Hi Johannes and many thanks for that fast reply…
I can not follow because im not a prof. coder. I just try and error some interesting stuff… :grin:
so i tried to execute this;

and i got this out of my OSX 10.11.4 Terminal window:

I have to apologies i have never set up a freeBSD. I have a Virual Ubuntu and tried it there:

So the problem seams to be my OSX 10.11.4 System. :weary:
So the next Questioin is obious… -howcome? Do i miss any packages or Installations?
Regards, Novski

A self-extracting shell script to test something on different unix systems … there are lot of things that could go wrong.

A plain tar ball compressed with LZMA2/xz and a published and signed checksum would be more useful. But you cannot trust the bin blobs anyway. :wink:

34M	fp2-sibon-2.0.3-blobs.tar.xz

Difficult to say, but one of the tools may be returning something slightly different on OSX than what the linux tools do. As I do not have access to OSX, I can’t really help. The md5 command itself does seem to give the same output, as your checksums for the tgz seem to match what I get…

So, - would that mean to check the container (.tgz) instead of the file (.sh) would solve the problem?
Or how can i understand that?

What I meant is that because the output of the md5 command you posted in your first post matches the one that I get for the same file using the md5sum command on Linux, we can assume that:

  • Your file is most likely correctly downloaded and intact
  • md5 and md5sum likely produce the same output

Which in turn means the reason it isn’t self validating correctly is probably due to a difference in one of the other parts of the series of commands that the self verification steps run. The link that @fp1_wo_sw_updates posted gives an example that on some Linuxes the dd command doesn’t support some of the options used. This would directly lead to a different output from dd, which gives a different md5sum (despite the file being intact in both cases). Now if the script uses the same method to extract the binaries (sorry, I don’t have time to check), the md5sum mismatching in those cases is actually a good thing - as it means that even if you’d ignore the checksum mismatch, you’d still get the wrong output from an intact file.
Makeself packages (such as this one) are listed as working with MacOSX, but I’m not familiar enough with Mac, Makeself and probably a whole other series of things to make an informed judgement on what could be the cause of the issue.
If unpacking on the Ubuntu VM works, is copying them over from there an option for you?

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I’m against using Makeself at all. It makes it all more complicated. Those installers are mainly made to install proprietary gaming software onto Unix systems quickly the “Windows” way (“Setup.exe/Setup.bat”).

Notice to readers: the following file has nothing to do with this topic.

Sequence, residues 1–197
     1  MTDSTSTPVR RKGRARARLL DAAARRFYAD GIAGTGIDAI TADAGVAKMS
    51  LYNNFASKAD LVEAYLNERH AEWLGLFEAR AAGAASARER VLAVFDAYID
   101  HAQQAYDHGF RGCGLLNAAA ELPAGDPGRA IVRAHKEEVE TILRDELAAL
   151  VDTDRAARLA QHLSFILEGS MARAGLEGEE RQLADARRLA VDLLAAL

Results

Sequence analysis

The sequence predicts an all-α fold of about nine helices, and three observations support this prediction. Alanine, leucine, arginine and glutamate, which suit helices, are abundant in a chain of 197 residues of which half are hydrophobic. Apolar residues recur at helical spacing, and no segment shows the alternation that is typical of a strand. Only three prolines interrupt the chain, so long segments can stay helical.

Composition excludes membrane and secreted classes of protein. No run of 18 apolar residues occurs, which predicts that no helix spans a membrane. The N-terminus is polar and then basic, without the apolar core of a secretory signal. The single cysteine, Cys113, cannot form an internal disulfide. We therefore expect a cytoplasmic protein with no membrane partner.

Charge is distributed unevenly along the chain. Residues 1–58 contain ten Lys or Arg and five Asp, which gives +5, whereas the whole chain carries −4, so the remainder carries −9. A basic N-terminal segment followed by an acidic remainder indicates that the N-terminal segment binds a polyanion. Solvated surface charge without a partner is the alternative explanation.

But this is about compiling your own rom/phone software. The easiest way to do this would be a plain compressed tar ball for the bin blobs. For this tar ball Fairphone just publishes the checksum. Done.

If one wants to be extra fancy, Fairphone can also sign the bin blob tar ball and the code that matches each official release code release (that fits the bin blob) with a PGP/GPG key.

Let me go a steb back:

This MD5SUM is from your post:

My MD5 one post further up was this (in a Printscreen: “Bildschirmfoto 16-05-23 um 20.22.21”):
27174409600f3a29a5345c43789fae83 fp2-sibon-2.0.0-blobs.tgz

So to me the MD5SUM and the osx MD5 of the fp2-sibon-2.0.0-blobs.tgz files is exactly the same.
Am i missing someting?

Because that wold maybe mean, that changeing the check from .sh file to .tgz compressed-file wold solve the issue already… doesn’t it?

Regards, Novski

Correct, the file you downloaded is the same as the one that I have.[quote=“novski, post:13, topic:18107”]
Because that wold maybe mean, that changeing the check from .sh file to .tgz compressed-file wold solve the issue already… doesn’t it?

The md5sum stored in the file is the md5sum of only a part of the file. The check that is performed as part of the unpack procedure is therefore not against the entire file, but rather against a piece of it that is extracted in a particular way. What’s going wrong is that extraction process.

So the extracted blobs may be injured anyway and a build wold not work because of broken blobs?

If you bypass the md5sum verification that is likely to happen, yes. Though more likely unpacking the blobs will just fail, rather than producing broken blobs. The ones unpacked in your Ubuntu virtual machine probably will work in your build environment.